Macau’s market for electronic gaming machines (EGMs) is “relatively undeveloped” but has “big potential” to grow in gaming revenue terms, suggested on Thursday a panel of executives from gaming equipment manufacturers and distributors.
They were speaking during a conference session at the MGS Entertainment Show 2018, a Macau-based trade event featuring casino equipment and a conference about the regional casino industry. The panel focused on innovation in the EGM segment and on strategies to expand its contribution to the aggregate gross gaming revenue (GGR) in the Macau market.
“In Macau, the electronic gaming machine market is still relatively small, relatively undeveloped and still relatively poorly understood by players that are visiting [the city],” said Walter Bugno, chief executive of international at global gaming supplier International Game Technology Plc (IGT).
The executive added that it would be up to the gaming equipment suppliers “to help develop this market” segment in Macau. Mr Bugno said manufacturers would need to work closely with regulators and casino operators in order “to speed up approvals and maximise what electronic gaming machines can do on the [casino] floor”.
Also speaking at the panel was Herman Ng, chief executive of electronic casino game distributor Asia Pioneer Entertainment Ltd (APE). He said there needed to be more promotion and education regarding EGMs, so that the segment’s revenue continues growing.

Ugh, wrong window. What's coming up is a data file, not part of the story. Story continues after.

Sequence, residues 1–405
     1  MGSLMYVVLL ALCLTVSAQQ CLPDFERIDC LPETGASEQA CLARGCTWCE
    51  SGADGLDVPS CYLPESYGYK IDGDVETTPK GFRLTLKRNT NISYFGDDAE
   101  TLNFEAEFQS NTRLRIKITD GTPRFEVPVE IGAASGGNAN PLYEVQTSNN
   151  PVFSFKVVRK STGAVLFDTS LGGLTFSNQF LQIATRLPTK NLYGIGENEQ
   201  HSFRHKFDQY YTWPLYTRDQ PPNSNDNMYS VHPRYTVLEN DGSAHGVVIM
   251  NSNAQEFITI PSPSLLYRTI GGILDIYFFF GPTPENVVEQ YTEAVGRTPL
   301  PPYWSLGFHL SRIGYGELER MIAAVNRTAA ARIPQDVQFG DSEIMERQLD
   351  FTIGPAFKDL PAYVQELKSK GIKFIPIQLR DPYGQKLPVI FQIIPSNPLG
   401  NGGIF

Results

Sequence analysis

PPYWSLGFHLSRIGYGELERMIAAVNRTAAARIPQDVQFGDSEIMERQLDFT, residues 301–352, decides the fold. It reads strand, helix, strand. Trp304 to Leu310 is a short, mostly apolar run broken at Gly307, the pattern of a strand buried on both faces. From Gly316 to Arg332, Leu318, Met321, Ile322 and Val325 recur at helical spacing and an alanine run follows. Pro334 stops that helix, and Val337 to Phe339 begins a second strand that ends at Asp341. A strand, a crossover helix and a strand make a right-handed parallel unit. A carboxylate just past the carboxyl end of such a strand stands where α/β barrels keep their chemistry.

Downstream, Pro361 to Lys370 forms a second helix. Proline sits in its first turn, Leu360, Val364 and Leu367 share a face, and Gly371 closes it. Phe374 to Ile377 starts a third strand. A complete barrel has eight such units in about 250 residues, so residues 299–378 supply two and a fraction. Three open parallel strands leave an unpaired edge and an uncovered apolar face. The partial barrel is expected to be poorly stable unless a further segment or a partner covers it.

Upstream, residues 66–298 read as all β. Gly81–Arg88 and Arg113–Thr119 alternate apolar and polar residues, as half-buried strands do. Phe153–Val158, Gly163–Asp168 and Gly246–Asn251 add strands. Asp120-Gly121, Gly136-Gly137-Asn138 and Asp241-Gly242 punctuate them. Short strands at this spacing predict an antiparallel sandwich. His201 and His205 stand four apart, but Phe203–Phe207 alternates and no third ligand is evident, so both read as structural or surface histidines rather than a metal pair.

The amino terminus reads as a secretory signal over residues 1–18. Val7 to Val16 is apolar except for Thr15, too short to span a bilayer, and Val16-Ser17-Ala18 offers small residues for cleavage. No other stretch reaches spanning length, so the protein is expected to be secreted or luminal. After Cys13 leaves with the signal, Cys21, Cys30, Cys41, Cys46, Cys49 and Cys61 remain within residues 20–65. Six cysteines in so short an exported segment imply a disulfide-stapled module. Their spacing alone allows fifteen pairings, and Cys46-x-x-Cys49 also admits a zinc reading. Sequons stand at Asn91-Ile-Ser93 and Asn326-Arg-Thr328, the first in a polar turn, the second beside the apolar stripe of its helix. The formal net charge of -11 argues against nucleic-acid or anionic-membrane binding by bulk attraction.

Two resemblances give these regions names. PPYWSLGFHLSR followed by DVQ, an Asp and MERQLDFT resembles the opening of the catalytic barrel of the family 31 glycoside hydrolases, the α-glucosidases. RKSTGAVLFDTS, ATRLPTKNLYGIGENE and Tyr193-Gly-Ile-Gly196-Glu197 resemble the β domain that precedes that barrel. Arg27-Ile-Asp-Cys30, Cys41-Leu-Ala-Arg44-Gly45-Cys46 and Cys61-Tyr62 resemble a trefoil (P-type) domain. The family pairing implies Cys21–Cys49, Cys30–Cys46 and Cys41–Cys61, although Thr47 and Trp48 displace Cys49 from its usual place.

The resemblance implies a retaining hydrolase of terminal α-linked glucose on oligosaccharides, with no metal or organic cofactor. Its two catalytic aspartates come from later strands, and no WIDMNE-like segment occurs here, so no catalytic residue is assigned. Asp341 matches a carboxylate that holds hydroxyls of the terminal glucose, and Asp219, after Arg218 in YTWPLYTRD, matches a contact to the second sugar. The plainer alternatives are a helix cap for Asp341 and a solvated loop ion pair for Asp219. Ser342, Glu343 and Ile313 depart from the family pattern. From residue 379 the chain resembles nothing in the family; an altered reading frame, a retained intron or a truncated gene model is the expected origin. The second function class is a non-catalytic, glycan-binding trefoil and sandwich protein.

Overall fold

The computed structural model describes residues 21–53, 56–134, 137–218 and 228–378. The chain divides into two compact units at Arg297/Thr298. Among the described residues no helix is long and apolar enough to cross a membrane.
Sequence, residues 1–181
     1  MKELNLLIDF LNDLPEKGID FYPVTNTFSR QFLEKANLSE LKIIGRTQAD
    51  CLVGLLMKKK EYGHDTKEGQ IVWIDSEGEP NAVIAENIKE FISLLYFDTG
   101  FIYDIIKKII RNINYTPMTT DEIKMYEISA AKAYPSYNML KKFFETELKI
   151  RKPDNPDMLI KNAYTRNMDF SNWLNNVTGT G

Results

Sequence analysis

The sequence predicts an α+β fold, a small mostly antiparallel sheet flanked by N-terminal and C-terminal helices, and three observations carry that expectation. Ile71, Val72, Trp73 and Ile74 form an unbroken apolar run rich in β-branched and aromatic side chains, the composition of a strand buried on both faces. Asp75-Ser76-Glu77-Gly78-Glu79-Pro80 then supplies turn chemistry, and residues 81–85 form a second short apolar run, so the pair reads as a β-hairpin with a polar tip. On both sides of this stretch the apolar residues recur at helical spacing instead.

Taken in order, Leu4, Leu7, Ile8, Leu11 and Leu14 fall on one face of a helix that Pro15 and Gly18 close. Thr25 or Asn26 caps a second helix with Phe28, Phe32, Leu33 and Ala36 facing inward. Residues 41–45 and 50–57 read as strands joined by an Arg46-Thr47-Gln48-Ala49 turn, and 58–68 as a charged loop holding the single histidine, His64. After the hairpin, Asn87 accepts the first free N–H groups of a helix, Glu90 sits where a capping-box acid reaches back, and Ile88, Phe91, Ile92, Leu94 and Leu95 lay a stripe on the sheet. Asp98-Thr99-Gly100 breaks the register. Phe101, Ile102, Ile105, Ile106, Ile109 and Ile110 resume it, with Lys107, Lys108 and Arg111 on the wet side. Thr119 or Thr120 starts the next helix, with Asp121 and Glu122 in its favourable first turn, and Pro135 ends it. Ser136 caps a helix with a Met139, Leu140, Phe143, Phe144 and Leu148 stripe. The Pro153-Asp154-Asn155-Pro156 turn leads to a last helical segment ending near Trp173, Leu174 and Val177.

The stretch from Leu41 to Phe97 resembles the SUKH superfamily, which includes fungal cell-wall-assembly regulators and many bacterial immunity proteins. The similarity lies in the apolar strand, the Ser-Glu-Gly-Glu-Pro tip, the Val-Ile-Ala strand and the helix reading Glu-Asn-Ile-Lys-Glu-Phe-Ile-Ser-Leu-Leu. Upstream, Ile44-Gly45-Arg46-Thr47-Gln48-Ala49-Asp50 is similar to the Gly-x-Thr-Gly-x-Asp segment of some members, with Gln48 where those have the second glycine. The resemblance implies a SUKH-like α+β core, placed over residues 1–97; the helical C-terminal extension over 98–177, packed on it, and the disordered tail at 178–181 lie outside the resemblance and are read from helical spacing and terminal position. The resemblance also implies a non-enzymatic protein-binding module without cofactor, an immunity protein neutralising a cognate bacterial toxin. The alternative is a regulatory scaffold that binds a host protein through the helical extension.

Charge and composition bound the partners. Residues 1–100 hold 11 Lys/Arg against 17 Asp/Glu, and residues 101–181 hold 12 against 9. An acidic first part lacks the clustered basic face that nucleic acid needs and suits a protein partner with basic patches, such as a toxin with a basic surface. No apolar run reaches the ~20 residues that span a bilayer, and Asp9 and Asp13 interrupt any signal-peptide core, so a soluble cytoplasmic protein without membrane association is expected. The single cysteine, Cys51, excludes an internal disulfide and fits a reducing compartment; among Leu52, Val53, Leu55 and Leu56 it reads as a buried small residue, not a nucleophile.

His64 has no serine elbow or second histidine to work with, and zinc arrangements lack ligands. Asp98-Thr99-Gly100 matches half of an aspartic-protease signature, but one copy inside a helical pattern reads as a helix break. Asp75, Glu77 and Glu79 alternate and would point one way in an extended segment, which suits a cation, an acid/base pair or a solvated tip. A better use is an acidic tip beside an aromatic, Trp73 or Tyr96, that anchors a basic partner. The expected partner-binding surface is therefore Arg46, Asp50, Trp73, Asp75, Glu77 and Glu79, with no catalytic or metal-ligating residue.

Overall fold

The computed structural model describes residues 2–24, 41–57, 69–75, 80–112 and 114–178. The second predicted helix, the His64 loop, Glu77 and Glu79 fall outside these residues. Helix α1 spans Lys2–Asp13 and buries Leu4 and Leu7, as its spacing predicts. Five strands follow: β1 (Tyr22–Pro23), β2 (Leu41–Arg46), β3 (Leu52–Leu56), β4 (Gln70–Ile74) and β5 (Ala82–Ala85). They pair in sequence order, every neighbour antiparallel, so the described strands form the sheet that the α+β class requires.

“EGMs revenue in Macau is increasing steadily. There’s big potential for this market to continue growing given the right approach,” said Mr Ng.
Combined revenue from slot machines and from live multi-game products – those featuring table-style games with live dealers but electronic betting and electronic bet settlement – was up 16.0 percent year-on-year in the first nine months this year, according to official data. Such revenue was nearly MOP13.16 billion (US$1.63 million), compared with approximately MOP11.35 billion in the prior-year period.
Still, the aggregate revenue from slot machines and live multi-game products accounted for only 5.9 percent of the overall casino GGR generated in the nine months to September 30.
Jay Chun, chairman of the Macau Gaming Equipment Manufacturers’ Association (MGEMA), recognised that more work needed to be done in order to expand the EGM segment in Macau. That, he said, included more favourable policies.
“We need to lobby more the [Macau] government, [so that there are policies] to encourage the [casino] operators to expand their EGM offering,” said Mr Chun.
Mr Chun is also chairman of Hong Kong-listed casino equipment maker Paradise Entertainment Ltd, which develops, supplies and sells electronic gaming systems under the LT Game brand.
The speakers on the panel agreed that the industry needed to do more to educate the players regarding EGMs, but also to deliver content that meets players’ expectations.
“To localise the product and to be sensitive to the local culture and language is very important,” noted Chris Rowe, managing director for Asia Pacific at slot machine maker Aristocrat Leisure Ltd.
“The experience one creates in the gaming device, the entertainment that a person experiences, may be the same,” from one market to the next; but needs to be “treated differently” market-by-market in terms of the elements and themes the manufacturer uses, he added.
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